Emory Elliott

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Emory Elliott
Born(1942-10-30)October 30, 1942
DiedMarch 31, 2009(2009-03-31) (aged 66)
Academic background
Alma materBowling Green State University
University of Illinois at Urbana-Champaign
Academic work
DisciplineAmerican literature
InstitutionsUniversity of California, Riverside
United States Military Academy
Princeton University

Emory Bernard Elliott (October 30, 1942 – March 31, 2009)[1] was an American professor of American literature at UC Riverside.

Elliott was known in particular for advocating the expansion of the literary canon to include a more diverse range of voices.[1]

Childhood and education[edit]

Elliott came from a working-class background in Baltimore, Md., and was the first in his family to earn a college degree. After earning his bachelor's in English from Loyola College on a Reserve Officers' Training Corps (ROTC) scholarship, he received a master's from Bowling Green State University. He served in the Army at Fort Sill in Oklahoma and was an instructor at the U.S. Military Academy in West Point, N.Y., before going on to earn a PhD from the University of Illinois. [1][permanent dead link]

Professional career[edit]

Early on in his career he focused on early American Literature, publishing two seminal works on the topic: Power and the Pulpit in Puritan New England in 1975 and Revolutionary Writers: Literature and Authority in the New Republic in 1982. In 1988, he edited the controversial and groundbreaking Columbia Literary History of the United States, the first major multicultural anthology of American literature.[citation needed]

According to reports in the New York Times, Elliott, along with Valerie Smith, Margaret Doody, and Sandra Gilbert all resigned from Princeton in 1989.[2] The reports suggest that the four were unhappy with the leniency shown to Thomas McFarland after he was accused of sexual misconduct. McFarland was initially put on a one-year suspension, but eventually took early retirement after these resignations and threats of student boycotts.[3]

He joined University of California, Riverside in 1989, and in 2001 was named a University Professor, a designation of a small number (36) top scholars and teachers in the University of California system that grants them access to all campuses.[4]

He directed UC Riverside's Center for Ideas and Society from 1996, enhancing the reputation of the institute and its scope by winning grants from foundations.

His most significant professional appointments were at Princeton University, where he worked for 17 years, serving at various points as the chairman of the American Studies program and the English Department. There he also received the university's Distinguished Service Award for his work on the Women's Studies Program.

He was appointed to many academic societies including the National Endowment for the Humanities, the American Council of Learned Societies, Guggenheim, the National Humanities Center, and the Institute for the Humanities at the University of California, Irvine. He was president of the American Studies Association in 2006–07.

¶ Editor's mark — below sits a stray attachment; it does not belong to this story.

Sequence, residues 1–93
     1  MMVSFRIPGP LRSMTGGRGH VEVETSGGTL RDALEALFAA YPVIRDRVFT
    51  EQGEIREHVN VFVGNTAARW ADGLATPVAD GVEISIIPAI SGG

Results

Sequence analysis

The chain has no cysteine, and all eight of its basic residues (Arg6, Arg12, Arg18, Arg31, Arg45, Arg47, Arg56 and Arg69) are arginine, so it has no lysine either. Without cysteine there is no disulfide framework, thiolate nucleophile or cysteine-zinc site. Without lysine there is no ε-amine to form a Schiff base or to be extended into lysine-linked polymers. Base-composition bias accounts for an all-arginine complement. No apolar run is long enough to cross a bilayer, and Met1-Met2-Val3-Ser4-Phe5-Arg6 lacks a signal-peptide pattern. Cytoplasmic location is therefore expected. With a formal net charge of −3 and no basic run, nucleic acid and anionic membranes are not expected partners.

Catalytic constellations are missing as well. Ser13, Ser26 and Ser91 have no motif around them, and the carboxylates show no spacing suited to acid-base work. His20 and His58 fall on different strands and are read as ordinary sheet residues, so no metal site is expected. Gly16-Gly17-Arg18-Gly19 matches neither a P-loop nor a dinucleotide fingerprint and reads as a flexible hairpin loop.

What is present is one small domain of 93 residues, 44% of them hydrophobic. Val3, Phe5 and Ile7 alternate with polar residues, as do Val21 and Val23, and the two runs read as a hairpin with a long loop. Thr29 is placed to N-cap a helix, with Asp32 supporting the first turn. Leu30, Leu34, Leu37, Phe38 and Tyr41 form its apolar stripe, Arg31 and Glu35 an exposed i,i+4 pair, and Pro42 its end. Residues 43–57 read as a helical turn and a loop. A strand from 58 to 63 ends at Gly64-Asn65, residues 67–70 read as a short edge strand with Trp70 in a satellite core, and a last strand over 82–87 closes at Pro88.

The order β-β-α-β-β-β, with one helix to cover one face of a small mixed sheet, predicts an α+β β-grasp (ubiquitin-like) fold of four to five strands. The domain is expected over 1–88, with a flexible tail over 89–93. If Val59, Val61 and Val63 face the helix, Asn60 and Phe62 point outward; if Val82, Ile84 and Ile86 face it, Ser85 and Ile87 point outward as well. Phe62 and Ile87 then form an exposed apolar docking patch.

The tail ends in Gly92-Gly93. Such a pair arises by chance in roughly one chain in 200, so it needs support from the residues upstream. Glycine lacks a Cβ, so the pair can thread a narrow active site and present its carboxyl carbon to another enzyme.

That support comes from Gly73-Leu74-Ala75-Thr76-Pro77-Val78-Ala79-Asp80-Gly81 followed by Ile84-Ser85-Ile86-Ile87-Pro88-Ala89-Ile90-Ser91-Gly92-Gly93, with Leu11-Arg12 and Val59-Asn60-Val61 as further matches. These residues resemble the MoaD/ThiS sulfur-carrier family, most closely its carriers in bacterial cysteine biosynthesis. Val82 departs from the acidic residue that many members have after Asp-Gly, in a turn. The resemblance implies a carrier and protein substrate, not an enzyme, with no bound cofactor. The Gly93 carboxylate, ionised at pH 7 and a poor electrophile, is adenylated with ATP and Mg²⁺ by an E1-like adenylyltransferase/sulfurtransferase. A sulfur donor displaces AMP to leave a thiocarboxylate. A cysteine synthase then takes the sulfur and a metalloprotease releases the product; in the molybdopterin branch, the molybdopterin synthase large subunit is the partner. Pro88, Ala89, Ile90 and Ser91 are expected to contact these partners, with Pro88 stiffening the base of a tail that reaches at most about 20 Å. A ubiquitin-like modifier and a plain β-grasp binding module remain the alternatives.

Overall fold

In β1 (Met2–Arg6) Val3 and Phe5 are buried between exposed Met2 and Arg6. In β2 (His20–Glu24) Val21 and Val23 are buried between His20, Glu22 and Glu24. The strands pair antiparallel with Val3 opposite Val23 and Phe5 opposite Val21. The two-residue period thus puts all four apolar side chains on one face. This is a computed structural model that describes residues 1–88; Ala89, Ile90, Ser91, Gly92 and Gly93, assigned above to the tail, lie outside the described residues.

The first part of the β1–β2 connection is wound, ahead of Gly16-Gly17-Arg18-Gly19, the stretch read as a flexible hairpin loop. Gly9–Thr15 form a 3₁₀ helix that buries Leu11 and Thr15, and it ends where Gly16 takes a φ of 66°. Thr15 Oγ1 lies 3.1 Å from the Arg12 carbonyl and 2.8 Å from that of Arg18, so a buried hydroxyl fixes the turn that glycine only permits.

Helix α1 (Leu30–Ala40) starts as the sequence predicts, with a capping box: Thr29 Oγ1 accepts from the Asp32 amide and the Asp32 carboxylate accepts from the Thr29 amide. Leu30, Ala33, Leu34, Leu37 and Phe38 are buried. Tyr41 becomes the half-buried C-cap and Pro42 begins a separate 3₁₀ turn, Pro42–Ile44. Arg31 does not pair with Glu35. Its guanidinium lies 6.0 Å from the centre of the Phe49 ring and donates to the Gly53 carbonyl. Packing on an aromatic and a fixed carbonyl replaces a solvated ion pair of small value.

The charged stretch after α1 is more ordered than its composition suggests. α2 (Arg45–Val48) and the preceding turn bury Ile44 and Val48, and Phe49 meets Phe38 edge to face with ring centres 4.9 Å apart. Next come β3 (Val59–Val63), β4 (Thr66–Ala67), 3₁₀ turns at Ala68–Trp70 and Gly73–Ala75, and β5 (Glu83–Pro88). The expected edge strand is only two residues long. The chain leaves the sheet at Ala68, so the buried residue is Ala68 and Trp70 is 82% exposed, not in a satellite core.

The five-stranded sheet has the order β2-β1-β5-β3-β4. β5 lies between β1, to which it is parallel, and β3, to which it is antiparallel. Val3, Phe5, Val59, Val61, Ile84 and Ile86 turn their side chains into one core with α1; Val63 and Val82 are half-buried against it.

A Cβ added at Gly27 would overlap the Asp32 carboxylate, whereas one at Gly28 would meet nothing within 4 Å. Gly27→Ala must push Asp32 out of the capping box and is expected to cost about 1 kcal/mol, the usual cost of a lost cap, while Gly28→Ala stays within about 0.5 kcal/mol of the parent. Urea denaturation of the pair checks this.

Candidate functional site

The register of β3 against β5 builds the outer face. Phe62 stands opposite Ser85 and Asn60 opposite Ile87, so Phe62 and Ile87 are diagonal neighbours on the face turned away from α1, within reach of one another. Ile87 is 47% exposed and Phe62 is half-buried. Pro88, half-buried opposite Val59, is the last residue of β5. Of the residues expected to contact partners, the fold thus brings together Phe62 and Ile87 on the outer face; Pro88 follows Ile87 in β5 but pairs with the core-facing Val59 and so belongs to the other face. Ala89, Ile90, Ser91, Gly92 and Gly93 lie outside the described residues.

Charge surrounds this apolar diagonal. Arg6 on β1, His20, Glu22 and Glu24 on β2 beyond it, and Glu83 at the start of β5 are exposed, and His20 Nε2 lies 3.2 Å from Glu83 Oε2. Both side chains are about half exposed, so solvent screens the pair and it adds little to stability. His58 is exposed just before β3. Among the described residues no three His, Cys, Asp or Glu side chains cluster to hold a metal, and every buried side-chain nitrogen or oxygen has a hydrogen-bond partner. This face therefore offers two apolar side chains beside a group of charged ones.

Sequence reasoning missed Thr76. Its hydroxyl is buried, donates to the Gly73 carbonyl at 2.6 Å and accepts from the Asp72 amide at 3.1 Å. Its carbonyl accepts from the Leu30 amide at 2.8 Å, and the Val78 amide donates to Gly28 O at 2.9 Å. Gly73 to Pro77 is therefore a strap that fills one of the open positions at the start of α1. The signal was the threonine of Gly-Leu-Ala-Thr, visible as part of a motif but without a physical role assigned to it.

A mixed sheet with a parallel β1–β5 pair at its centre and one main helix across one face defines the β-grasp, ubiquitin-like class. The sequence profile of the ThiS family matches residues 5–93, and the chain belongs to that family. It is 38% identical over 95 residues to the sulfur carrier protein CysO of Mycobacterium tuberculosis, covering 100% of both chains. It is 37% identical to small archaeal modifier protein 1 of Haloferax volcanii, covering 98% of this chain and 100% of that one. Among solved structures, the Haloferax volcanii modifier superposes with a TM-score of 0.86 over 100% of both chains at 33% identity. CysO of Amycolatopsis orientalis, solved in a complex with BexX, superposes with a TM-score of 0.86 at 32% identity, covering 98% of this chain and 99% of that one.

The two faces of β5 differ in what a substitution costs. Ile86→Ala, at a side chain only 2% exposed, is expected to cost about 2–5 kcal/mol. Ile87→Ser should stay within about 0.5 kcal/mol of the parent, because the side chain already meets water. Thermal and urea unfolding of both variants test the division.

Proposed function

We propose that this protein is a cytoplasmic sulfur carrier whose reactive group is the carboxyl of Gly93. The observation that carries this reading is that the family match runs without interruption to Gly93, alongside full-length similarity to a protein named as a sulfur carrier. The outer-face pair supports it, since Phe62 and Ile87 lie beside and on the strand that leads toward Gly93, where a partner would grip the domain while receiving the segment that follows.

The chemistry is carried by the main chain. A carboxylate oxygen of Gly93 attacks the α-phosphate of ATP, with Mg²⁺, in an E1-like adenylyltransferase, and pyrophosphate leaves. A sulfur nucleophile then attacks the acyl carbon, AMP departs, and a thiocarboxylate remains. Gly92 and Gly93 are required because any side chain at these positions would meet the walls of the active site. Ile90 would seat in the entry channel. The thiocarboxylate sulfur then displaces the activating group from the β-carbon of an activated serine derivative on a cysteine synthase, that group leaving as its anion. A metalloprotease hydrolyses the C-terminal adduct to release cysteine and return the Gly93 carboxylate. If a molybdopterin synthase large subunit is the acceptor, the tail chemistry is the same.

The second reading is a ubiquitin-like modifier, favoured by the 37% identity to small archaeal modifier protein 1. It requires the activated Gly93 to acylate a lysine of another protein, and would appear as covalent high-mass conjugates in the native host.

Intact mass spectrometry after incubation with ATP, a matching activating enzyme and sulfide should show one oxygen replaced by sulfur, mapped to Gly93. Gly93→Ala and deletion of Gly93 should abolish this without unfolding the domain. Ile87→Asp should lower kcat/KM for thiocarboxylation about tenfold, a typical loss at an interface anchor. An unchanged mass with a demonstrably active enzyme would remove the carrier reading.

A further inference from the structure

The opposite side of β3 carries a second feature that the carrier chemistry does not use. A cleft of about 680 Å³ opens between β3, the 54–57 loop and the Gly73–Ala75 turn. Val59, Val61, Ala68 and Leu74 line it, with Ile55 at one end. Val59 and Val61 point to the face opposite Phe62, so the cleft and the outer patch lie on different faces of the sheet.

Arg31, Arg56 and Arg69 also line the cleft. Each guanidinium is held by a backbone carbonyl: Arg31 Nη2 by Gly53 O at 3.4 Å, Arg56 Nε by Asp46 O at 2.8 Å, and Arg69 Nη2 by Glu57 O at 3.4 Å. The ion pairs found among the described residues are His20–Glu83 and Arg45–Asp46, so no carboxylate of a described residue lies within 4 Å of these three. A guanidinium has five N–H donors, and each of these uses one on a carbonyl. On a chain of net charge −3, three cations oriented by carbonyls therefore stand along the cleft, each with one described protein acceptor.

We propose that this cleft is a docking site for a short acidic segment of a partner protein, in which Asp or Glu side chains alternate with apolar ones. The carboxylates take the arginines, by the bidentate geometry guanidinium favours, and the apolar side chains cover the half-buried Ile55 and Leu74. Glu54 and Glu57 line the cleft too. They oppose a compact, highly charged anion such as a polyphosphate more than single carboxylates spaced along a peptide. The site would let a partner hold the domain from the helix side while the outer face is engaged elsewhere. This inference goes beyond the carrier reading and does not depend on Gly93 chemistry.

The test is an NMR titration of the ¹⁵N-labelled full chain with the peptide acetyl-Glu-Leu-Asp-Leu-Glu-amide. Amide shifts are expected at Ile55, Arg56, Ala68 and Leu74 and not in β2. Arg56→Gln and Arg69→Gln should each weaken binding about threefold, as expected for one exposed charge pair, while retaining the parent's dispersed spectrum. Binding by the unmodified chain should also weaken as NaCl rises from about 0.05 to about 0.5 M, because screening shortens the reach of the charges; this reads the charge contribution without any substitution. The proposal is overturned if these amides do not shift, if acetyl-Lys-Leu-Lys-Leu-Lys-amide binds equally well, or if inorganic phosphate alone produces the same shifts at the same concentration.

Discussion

Personal life[edit]

Elliott's wife, Georgia, worked in fund-raising at UC-Riverside and is now retired. Two of his five children also are college professors.[citation needed]



  • Emory Elliott; Jasmine Payne; Patricia Ploesch, eds. (2007). Global migration, social change, and cultural transformation. Palgrave Macmillan. ISBN 978-0-230-60054-6.
  • Emory Elliott (2002). The Cambridge introduction to early American literature. Cambridge University Press. ISBN 978-0-521-52041-6.
  • Emory Elliott; Louis Freitas Caton; Jeffrey Rhyne, eds. (2002). Aesthetics in a multicultural age. Oxford University Press. ISBN 978-0-19-514632-5. Emory Elliott.
  • Mark Twain (1999). Emory Elliott (ed.). Adventures of Huckleberry Finn. Introduction Emory Elliott. Oxford University Press. ISBN 978-0-19-282441-7.
  • Emory Elliott; Cathy N. Davidson, eds. (1991). The Columbia history of the American novel. Introduction Emory Elliott. Columbia University Press. ISBN 978-0-231-07360-8. Emory Elliott.
  • Emory Elliott; Linda K. Kerber; A. Walton Litz; Terence Martin, eds. (1991). American Literature: A Prentice Hall Anthology. Prentice Hall. ISBN 978-0-13-027244-7.
  • Emory Elliott; Martha Banta; Houston A. Baker, eds. (1988). Columbia literary history of the United States. Photographer Martha Banta. Columbia University Press. ISBN 978-0-231-05812-4. Emory Elliott.
  • Emory Elliott (1986). Revolutionary Writers: Literature and Authority in the New Republic, 1725-1810. Oxford University Press. ISBN 978-0-19-503995-5.
  • Emory Elliott, ed. (1984). American colonial writers, 1606-1734. Gale Research Co.
  • Emory Elliott, ed. (1979). Puritan influences in American literature. University of Illinois Press. ISBN 978-0-252-00733-0.


  1. ^ a b Thurber, Jon (April 4, 2009). "Emory Elliott dies at 66; scholar and UC Riverside English professor". Los Angeles Times. Retrieved April 4, 2009.
  2. ^ King, Wayne (10 May 1989). "4 Scholars Quit as Sex Incident Splits Princeton". The New York Times.
  3. ^ "Accused Princeton Professor to Retire Early". The New York Times. 27 May 1989.
  4. ^ "UC Riverside Distinguished Professor Emory Elliott Died Tuesday". University of California, Irvine. April 1, 2009. Retrieved April 4, 2009.

External links[edit]